February natural gas futures rose Friday as traders showed little appetite for risk and elected to cover short positions prior to the long holiday weekend. Short-term traders see little likelihood that the market will continue higher. At the close February futures rose 7.3 cents to $4.480 and March gained 7.1 cents to $4.490. February crude oil added 14 cents to $91.54/bbl.
“This looks to me like just short covering going into the long weekend,” said a New York floor trader. The trader pegged near-term resistance at $4.52-4.53, but if the market were to hold that level, “it could then act as support. It’s a long weekend and anything can happen. Maybe Tuesday or Wednesday we test that, but if everything remains the same I suspect we would fail and the market would work its way back down.”
He added that $4.41(Thursday’s February contract settlement) “was not a significant point, but maybe someone has a different pencil [technical interpretation].”
Analysts still continue to focus on weather and weather forecasts, but Kyle Cooper of IAF Advisors, Houston, contends that “in general the degree of cold that was forecast has not materialized. Several forecasters have been very exaggerated and none of them have been right, and now it seems that they are compensating for what was a warm forecast earlier with a cold forecast now. At the beginning of winter I had seen a number of estimations that season-ending storage was going to be above 2 Tcf, but now I think you are looking at 1.5 Tcf.”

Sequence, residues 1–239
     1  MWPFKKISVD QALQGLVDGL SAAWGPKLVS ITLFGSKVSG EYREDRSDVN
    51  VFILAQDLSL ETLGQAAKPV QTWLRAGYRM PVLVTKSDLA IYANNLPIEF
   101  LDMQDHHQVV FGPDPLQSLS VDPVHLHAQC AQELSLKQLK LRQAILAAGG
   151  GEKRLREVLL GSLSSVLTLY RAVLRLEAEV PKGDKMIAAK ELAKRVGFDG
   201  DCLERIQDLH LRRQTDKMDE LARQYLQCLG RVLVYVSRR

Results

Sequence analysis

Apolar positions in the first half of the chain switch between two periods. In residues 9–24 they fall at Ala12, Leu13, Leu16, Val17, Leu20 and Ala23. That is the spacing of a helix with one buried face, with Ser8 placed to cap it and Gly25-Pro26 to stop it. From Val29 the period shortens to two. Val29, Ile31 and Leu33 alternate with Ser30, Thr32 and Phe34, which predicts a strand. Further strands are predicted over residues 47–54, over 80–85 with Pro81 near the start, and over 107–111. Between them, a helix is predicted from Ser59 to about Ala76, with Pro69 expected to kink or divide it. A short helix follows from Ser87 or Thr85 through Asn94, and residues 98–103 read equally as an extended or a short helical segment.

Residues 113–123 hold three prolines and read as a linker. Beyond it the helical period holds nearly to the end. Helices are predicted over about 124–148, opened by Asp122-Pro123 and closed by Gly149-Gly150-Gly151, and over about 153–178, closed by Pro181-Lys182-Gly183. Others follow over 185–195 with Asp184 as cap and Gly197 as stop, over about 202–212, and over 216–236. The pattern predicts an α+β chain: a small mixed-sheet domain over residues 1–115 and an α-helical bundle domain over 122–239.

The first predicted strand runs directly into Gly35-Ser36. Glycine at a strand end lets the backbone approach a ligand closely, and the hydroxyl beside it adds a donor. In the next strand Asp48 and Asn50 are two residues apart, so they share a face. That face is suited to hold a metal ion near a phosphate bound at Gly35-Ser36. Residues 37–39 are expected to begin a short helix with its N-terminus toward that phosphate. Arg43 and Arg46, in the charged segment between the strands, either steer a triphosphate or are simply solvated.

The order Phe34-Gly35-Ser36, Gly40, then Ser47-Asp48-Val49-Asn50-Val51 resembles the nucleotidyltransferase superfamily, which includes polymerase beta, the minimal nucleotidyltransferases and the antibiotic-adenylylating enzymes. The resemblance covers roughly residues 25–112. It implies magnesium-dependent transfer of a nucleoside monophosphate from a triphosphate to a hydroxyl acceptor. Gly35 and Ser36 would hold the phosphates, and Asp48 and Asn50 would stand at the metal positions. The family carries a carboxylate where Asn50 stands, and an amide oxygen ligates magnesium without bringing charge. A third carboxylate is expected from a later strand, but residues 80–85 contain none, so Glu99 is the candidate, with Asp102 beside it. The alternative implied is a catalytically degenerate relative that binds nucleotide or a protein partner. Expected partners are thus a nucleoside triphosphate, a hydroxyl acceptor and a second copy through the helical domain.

Exaggerated or not weather forecaster MDA EarthSat in its Friday six-to 10-day outlook showed below to much below normal temperatures north and east of a broad arc extending from eastern Montana to western Colorado to southern Louisiana.
“The forecast has turned a bit colder today [Friday] from the Central Midwest to the interior Northeast in the form of an expansion of much belows,” said the forecaster. “Western Canada should finally start turning warmer during the second half of the period after an extended period of strong cold. Models are still struggling to find consistency, especially the operational runs. Our forecast leans towards the Euro ensembles, but varies in some details.”
Top analysts see a somewhat unfocused market with near-term cold largely discounted by the market, but prices unlikely to move lower until actual warm temperatures surface in the forecasts.
“While daily updates to the short-term temperature views are still driving much of the day to day price movement, it is difficult to determine where the market’s focus exists as far as time frame is concerned,” said Jim Ritterbusch of Ritterbusch and Associates. He sees cold six- to 10-day forecasts already in the market, but farther out “the longer term eight- to14-day outlook that extends from late next week toward month’s end is acquiring more of a neutral/supportive appearance with below normal temps largely confined to the less intensive southeast quadrant of the country.
But, until some warmer than normal temps begin to show up within the outlooks, sustaining price declines will continue to prove problematic. The dynamic of a sizable reduction in the supply surplus against average levels will be sustained with next week’s EIA [Energy Information Administration] data release, a development that could keep additional institutional selling at bay.”
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